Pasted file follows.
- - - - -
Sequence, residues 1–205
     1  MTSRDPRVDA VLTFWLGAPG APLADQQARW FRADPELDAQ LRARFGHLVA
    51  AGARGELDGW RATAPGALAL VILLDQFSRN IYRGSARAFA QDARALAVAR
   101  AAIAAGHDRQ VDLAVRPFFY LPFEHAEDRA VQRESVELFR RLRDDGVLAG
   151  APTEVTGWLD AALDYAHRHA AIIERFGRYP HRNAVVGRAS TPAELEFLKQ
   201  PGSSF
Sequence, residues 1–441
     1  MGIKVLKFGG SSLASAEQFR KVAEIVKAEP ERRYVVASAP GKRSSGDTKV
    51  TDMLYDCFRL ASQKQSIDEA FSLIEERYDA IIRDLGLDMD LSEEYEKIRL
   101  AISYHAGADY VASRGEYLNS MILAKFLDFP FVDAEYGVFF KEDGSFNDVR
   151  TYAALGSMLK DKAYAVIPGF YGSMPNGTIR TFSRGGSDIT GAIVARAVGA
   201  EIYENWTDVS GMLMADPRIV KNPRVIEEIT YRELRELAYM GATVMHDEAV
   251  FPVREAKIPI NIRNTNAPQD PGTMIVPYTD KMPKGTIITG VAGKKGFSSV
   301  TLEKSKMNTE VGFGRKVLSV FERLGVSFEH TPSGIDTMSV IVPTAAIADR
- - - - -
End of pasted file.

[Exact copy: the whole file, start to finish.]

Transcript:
Sequence, residues 1–205
     1  MTSRDPRVDA VLTFWLGAPG APLADQQARW FRADPELDAQ LRARFGHLVA
    51  AGARGELDGW RATAPGALAL VILLDQFSRN IYRGSARAFA QDARALAVAR
   101  AAIAAGHDRQ VDLAVRPFFY LPFEHAEDRA VQRESVELFR RLRDDGVLAG
   151  APTEVTGWLD AALDYAHRHA AIIERFGRYP HRNAVVGRAS TPAELEFLKQ
   201  PGSSF
Sequence, residues 1–441
     1  MGIKVLKFGG SSLASAEQFR KVAEIVKAEP ERRYVVASAP GKRSSGDTKV
    51  TDMLYDCFRL ASQKQSIDEA FSLIEERYDA IIRDLGLDMD LSEEYEKIRL
   101  AISYHAGADY VASRGEYLNS MILAKFLDFP FVDAEYGVFF KEDGSFNDVR
   151  TYAALGSMLK DKAYAVIPGF YGSMPNGTIR TFSRGGSDIT GAIVARAVGA
   201  EIYENWTDVS GMLMADPRIV KNPRVIEEIT YRELRELAYM GATVMHDEAV
   251  FPVREAKIPI NIRNTNAPQD PGTMIVPYTD KMPKGTIITG VAGKKGFSSV
   301  TLEKSKMNTE VGFGRKVLSV FERLGVSFEH TPSGIDTMSV IVPTAAIADR